The taming of coaching

The taming of coaching

When she told me that, “Our coaches are hired to help us maximise the efficiency of our workforce,” I lost all interest in the prospective new client and walked away from the pitch.

At its best, coaching is a subversive activity. In my opinion, it should not be used to help companies ‘sweat their assets’ – a hideous expression that boils down to being complicit in corporate slavery. It should be used to help people illuminate their blindspots, question their basic assumptions, explore their discomforts with taken-for-granted orthodoxies, and develop response-ability – all of which are inextricably interwoven with the honourable endeavour to learn deeply and grow beautifully. But perhaps organisations have lost some appetite for developing leaders who question the way things are done and have some moral purposefulness?

I am afraid that coaching is being tamed. This taming seems to have two manifestations – two emerging patterns – in some aspects of my work as a coach and OD supervisor.

In the one emerging pattern, more and more of my in-company coachees and supervisees are asking for support not in dealing with the complexity of casework issues or their ways of being, but with how to survive in an organisational culture that works them so hard they are risking burn-out. Propping up departments that are so short-staffed that my clients are doing the work of three people for their original salary package is not uncommon. In addition, some new client are honest enough to say that their managers have advised them to get coaching so that they ‘learn resilience’. Resilience is the new corporate-speak for putting up with abominable conditions for extended periods of time without complaining or taking sick leave. I find myself in an ethical dilemma, where my coaching and supervision is being used as a palliative measure to help clients endure situations that are simply wrong.

In the other emerging pattern, both internal and external coachees and clients seem to have less appetite for interventions that provide deeper insights into dysfunctional dynamics: put another way, there is more desire for less challenging interventions. For example, one client complained recently that constellations work ‘held too much truth’ for him; another client didn’t want to look at her part in a team conflict but did want support to help her learn how to switch off her feelings of guilt. It is becoming too risky to tackle underlying dynamics as clients might lose their jobs, so – unlike Snowden, they blow no whistles…

In both patterns, delight in the imaginative engagement with complexity is avoided. Personal responsibility for systemic dysfunction is avoided. What is the role of a coach, given this? There are pressures on us as coaches and OD practitioners to dumb down and not name or tackle the deeper issues of organisational ideology – mainly based on economics, from what I can tell – that are influencing company politics and policies and result in client burn-out. I can walk away from these kinds of contracts, but the problem of seeing people as ‘sweatable assets’ remains and my walking away becomes part of the problem. I wonder how other coaches and supervisers experience and respond to this dilemma?

Posted in Coaching Change on Sunday, Jan 22nd, 2017


Good to see such passionate honesty. As a coach and mentor, working with (largely) senior 'Customer Insight' leaders within large corporations, I have also seen similar dilemmas. I don't have anything as complete as a solution or best way to respond. But I would add two caveats. First, there is diversity. As well as businesses that are pressurising their 'staff' in this way, there are also others with nobler aims. I work with a couple of companies with a more humane mindset and approach to people leadership. Second, despite the deceptive power of 'corporate speak', I wouldn't give up on the concept of working with leaders to explore 'resilience'. Much like school bullies, unfair systems or leaders can be challenged & sometimes stopped. Many years ago I was inspired by reading "The Heart Aroused" by David Whyte. His exploration, through poetry, of how leaders can 'find their voice' in the corporate battle can be a very empowering exploration. Progress can sometimes by partial or transitory and coaches can feel compromised by their constraints, but if we all 'ethically' walk off the battleground, then defeat is surely certain.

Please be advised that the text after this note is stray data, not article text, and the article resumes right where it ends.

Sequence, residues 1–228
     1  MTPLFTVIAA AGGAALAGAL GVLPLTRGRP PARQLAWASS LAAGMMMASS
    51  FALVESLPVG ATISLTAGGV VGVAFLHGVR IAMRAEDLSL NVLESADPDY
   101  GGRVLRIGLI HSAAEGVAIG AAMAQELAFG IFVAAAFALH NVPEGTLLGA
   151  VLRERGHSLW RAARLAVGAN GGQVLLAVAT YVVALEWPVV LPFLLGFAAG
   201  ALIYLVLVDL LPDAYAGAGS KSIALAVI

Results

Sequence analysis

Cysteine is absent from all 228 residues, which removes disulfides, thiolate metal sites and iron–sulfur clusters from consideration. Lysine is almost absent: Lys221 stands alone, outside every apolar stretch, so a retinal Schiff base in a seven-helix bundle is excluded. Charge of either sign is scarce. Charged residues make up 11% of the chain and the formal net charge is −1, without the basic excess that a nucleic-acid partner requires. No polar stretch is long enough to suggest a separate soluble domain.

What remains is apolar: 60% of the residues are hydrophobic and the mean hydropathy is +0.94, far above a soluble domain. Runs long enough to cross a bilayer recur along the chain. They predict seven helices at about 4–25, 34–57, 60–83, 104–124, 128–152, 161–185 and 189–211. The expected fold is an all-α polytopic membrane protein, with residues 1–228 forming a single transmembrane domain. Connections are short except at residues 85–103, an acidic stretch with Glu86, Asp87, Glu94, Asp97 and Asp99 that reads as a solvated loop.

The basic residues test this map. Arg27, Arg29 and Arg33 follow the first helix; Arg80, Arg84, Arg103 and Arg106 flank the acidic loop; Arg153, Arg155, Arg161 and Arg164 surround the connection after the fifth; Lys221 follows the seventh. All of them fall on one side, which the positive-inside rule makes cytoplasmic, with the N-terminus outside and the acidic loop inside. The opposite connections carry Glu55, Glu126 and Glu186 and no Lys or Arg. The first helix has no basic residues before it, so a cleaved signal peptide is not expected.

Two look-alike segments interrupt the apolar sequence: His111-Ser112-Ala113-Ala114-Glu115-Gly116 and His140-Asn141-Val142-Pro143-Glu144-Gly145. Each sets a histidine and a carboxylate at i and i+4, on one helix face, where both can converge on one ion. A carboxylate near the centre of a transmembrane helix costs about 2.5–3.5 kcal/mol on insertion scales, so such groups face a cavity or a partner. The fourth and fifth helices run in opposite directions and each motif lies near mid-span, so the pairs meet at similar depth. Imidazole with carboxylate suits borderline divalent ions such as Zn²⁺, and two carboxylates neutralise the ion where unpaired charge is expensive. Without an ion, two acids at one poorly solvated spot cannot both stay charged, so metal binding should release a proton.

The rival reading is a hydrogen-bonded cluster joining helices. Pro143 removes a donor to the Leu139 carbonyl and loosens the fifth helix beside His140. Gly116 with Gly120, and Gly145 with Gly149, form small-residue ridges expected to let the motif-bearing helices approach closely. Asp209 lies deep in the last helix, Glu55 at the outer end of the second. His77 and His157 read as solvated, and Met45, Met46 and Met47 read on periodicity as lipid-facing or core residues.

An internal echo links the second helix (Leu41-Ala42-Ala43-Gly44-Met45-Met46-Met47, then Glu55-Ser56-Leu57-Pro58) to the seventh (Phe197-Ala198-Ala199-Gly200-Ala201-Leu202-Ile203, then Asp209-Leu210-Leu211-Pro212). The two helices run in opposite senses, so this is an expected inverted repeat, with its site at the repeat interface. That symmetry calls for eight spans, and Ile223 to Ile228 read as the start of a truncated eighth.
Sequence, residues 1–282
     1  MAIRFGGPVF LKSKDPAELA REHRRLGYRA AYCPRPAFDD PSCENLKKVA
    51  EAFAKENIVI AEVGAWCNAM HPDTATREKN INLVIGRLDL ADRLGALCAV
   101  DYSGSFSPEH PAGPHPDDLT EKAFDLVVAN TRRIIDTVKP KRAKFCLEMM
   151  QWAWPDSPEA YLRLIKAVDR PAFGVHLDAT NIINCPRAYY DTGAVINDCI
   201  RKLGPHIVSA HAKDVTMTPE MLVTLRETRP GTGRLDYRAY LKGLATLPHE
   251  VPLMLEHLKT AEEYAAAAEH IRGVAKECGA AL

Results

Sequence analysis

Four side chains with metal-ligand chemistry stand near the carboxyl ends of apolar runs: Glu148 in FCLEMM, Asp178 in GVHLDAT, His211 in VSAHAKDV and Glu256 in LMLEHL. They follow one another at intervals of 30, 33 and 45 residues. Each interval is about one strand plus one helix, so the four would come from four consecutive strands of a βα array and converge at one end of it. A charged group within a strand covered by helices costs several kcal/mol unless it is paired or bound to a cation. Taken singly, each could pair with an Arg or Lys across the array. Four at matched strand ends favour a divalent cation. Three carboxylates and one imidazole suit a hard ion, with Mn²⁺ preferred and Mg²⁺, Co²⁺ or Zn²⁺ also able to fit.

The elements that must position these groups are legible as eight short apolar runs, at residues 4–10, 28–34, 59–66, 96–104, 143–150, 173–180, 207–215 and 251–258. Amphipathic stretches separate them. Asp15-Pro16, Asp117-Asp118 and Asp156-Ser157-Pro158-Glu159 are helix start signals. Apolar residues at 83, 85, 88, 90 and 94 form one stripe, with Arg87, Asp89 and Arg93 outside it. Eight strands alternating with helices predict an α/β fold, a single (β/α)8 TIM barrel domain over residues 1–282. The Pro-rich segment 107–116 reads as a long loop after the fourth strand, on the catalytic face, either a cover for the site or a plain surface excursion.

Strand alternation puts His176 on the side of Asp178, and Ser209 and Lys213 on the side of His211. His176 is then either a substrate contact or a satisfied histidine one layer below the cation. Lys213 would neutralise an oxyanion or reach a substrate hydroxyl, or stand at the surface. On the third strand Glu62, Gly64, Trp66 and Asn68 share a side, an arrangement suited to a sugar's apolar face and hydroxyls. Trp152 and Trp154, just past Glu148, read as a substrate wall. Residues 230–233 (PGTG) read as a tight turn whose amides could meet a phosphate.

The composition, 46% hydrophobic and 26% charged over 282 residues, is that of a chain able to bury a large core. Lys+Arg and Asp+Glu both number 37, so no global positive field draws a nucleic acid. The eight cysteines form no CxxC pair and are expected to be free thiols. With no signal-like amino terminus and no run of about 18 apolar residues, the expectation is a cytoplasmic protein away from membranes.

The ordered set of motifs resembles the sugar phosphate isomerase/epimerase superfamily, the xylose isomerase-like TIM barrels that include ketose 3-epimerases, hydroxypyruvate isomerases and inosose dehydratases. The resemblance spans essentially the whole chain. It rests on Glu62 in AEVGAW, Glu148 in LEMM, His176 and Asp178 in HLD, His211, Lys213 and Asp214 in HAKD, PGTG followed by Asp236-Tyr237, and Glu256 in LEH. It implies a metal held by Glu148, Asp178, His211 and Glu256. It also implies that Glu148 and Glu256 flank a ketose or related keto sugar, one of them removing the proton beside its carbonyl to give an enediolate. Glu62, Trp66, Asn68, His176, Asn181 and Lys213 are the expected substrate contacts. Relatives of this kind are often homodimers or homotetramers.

tyfrancis's picture

Thanks Paul and I agree that it's not right to give up on working on resilience, despite my exhaustion with yet another label that is being misapplied(don't even get me started on 'mindfulness'!). These terms can often provide a portal to a deeper enquiry. I appreciate your comments!

Hi TY,
Always so thought provoking reading your blogs. Thank you.
I have not until now heard the term 'sweating the asset' in relation to coaching. I find this a twisted philosophy and surely one that's ultimately doomed to fail? I believe people work for people and if the person you work for places no real value in you as a person this is easily sensed and one of the surest ways to prompt your leaving an organisation or job.
Like you perhaps, I believe that coaching is about learning; facilitating people to learn about them selves and open up new ways of thinking. My intention is to help them succeed and/or feel happier.
I personally practice mindfulness and find this helps me to remain compassionate and feel happier. It's not for everyone though and I do not believe this reduces my curiosity or ability to challenge.
Look forward to your next blog.

tyfrancis's picture

Great to receive your comments, Fiona. I shall keep blogging! If there are any topics you (or anyone) wants some thoughts on, please feel free to make suggestions! :)


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